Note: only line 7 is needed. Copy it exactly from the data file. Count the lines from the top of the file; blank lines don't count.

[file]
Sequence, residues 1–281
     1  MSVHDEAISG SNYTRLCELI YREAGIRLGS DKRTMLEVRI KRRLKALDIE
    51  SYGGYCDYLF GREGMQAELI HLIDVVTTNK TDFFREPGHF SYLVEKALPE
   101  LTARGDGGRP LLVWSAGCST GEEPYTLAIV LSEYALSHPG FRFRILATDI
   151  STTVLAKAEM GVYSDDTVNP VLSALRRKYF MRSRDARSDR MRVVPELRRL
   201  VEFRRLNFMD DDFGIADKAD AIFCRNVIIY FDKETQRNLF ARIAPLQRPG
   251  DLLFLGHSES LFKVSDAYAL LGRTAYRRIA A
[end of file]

   251  DLLFLGHSES LFKVSDAYAL LGRTAYRRIA A